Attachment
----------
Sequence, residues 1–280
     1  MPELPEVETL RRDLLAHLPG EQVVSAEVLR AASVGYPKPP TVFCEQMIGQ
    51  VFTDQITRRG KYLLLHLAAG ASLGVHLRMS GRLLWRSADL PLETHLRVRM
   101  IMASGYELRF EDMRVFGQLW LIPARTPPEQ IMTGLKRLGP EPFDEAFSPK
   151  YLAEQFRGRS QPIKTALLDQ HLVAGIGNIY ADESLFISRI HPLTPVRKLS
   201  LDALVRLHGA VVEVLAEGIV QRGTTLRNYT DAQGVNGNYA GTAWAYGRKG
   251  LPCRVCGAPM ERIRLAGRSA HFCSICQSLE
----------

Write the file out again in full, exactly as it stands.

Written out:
Sequence, residues 1–280
     1  MPELPEVETL RRDLLAHLPG EQVVSAEVLR AASVGYPKPP TVFCEQMIGQ
    51  VFTDQITRRG KYLLLHLAAG ASLGVHLRMS GRLLWRSADL PLETHLRVRM
   101  IMASGYELRF EDMRVFGQLW LIPARTPPEQ IMTGLKRLGP EPFDEAFSPK
   151  YLAEQFRGRS QPIKTALLDQ HLVAGIGNIY ADESLFISRI HPLTPVRKLS
   201  LDALVRLHGA VVEVLAEGIV QRGTTLRNYT DAQGVNGNYA GTAWAYGRKG
   251  LPCRVCGAPM ERIRLAGRSA HFCSICQSLE